Don’t Feed the Alligators

A Personal Finance Blog from a Small-Scale Landlord’s Perspective

Archive for the 'vacation' Category


Creative Commons License photo figure credit: billaday

While on vacation, ScrapperMom and I discovered a curious thing. We were watching a children’s TV show to keep daughter #1 busy and suddenly the show stopped and changed to voices and images that encouraged us to buy a bunch of stuff that we don’t need. Amazed by such a brazen attempt to sell me something, I asked our host about it who informed us that what we were watching were “commercials”.

Ah yes!  Commercials!  I had forgotten that such things still exist.  You see, ScrapperMom and I purchased a Tivo back in 2003, and for the last 5 and a half years have been commercial free.  And it has been wonderful.  After watching way too many of these while on vacation, I had forgotten how insidious and manipulative they could be, and am glad that our daughter is still too young to be enticed by a toy dog that can roll over by itself, or a princess on a horse that can walk by itself.

I am often asked by friends, coworkers, and family if I have seen a certain commercial that may be funny or entertaining in some way.  “No,” I usually say, “we don’t watch commercials.”  Originally our disdain for commercials was simply practical: commercials account for 27% of total network TV time.  We quickly found that with Tivo we could watch 30 minutes of TV in 22 minutes. We filled the saved 8 minutes with more interesting things, like reading, blogging, etc.

Having seen so many commercials during vacation, however, it has become abundantly clear to me that having Tivo saves us money.  Exposure to advertisement makes you aware of things that you didn’t know you needed.  It’s hard not to keep up with the Joneses when you are constantly bombarded with indications that you are too fat, too thin, too ugly, too short, too bald, don’t drive a good enough car, deserve a great vacation, etc.  But life is not that bad when you don’t have all these unreal standards against which to measure yourself.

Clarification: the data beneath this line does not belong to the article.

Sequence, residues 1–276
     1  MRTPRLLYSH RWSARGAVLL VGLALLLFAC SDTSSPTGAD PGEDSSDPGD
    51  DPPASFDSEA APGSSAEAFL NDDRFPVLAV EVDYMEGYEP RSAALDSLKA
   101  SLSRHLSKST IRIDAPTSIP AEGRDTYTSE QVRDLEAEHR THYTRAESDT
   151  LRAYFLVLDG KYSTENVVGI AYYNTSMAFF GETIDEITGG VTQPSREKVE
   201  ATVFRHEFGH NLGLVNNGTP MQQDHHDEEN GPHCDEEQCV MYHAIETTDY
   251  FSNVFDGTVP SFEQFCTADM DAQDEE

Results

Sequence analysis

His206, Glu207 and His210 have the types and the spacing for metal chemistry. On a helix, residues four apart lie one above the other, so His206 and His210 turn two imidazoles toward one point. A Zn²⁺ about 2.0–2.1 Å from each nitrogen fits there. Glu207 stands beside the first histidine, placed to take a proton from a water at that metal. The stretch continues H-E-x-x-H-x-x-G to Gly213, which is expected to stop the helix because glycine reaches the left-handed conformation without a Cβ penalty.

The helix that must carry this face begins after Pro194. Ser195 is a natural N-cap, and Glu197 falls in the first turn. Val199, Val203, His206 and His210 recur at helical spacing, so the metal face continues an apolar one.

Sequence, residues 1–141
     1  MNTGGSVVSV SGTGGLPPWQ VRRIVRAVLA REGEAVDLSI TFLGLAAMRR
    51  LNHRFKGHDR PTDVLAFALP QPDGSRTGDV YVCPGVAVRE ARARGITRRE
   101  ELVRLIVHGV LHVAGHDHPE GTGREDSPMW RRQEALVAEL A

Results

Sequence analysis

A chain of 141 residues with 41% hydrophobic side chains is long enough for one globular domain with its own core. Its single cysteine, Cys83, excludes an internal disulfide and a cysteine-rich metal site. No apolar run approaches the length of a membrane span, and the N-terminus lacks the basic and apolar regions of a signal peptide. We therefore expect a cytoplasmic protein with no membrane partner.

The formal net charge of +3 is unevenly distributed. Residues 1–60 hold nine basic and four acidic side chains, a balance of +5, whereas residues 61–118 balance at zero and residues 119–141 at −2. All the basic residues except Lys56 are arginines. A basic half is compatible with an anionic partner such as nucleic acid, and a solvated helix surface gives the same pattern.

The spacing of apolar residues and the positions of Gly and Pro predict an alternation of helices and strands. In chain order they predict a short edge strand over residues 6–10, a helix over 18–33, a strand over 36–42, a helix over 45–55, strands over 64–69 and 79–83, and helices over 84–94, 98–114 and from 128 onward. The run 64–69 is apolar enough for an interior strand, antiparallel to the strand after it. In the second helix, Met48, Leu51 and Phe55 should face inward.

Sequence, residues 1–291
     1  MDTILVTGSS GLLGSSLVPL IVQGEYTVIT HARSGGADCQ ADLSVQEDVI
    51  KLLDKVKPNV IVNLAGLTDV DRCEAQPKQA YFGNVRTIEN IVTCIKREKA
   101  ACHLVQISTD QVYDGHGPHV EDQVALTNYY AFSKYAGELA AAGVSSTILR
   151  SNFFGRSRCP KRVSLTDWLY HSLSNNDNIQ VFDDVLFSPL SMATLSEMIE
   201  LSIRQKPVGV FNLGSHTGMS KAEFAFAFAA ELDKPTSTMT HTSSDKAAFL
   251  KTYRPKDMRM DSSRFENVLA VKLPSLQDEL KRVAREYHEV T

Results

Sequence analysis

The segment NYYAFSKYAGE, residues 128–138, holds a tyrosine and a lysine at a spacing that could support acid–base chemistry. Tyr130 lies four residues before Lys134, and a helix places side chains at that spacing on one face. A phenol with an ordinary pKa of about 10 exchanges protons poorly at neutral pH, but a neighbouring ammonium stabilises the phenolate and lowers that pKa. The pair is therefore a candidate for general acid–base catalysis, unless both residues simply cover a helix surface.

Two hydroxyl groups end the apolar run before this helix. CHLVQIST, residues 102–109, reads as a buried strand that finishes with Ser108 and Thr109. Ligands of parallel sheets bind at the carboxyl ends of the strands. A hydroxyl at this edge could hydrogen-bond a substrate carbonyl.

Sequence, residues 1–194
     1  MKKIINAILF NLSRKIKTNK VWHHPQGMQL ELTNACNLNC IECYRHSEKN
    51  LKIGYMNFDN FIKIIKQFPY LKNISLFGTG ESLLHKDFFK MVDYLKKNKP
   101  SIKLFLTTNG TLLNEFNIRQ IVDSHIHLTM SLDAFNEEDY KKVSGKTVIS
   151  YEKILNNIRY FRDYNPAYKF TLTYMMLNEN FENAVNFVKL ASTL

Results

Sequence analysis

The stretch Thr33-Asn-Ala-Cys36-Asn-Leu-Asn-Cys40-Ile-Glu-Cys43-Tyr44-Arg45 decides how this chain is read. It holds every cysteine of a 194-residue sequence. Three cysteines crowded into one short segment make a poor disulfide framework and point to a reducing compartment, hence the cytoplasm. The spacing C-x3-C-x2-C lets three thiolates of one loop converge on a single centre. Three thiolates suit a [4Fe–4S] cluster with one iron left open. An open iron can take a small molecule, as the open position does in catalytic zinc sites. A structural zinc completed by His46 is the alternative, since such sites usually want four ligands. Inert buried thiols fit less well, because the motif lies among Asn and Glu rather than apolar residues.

Tivo is near the top of our top 10 list of must have gadgets, and it’s nice to see that after having it for so many years, we are still realizing new value in it.

Hotel Pool

photo figure credit: ScrapperMom

Michelle asks:

"How was the vacation?"

In a word: Fantastic!  We got to meet the newest member of our extended family (on that side, anyway…) who is already one and half!  We got to catch up with family that we haven’t seen in over 2 years.  We got to know new wives, girlfriends, and old friends a lot better.  Thanks to all of them for taking the time out of their busy schedules, providing places to stay, cooking dinner, etc.  This picture is the pool at the hotel in Orlando, which the kids loved.

As a follow up to my original post on this topic, I thought I would offer a post-trip analysis on how we did financially. It’s important to note that while we put nearly everything below on our rewards credit card, it will all be paid off by the end of the month because we had already set aside the funding for this trip.

I’ll start with the area in which I feel we did the worst from a frugal perspective: Dining out.  In total we purchased 9 meals out and they totaled $378.  This breaks down to $42 per family-meal, or $17 per person per meal if we count dear daughter #1 as a half person who shared what we ate most of the time.  Given that we ate a total of 22 meals, 9 represents only 40%.  We easily could have converted a couple of dinners out into dinners at home, but then again, we were on vacation…  We did manage to convert a couple of these meals into lunches the next day since the portions were often too big! I should also point out that this total included drinks with meals as well, which as you know can get pretty expensive.  During one meal we paid close to $9 for an 8 ounce rum and coke!

Relating to dining, our grocery bill came in at $141.  As described in the initial article, we had a lot of opportunity to prepare meals, especially breakfasts and lunches.  If you put all of our food spending together, the per person per meal average comes down to $9.50.  The grocery bill includes a 12 pack of beer that we brought to a party, as well as a lot of bottled water that we wouldn’t normally buy at home, but the local water was terrible!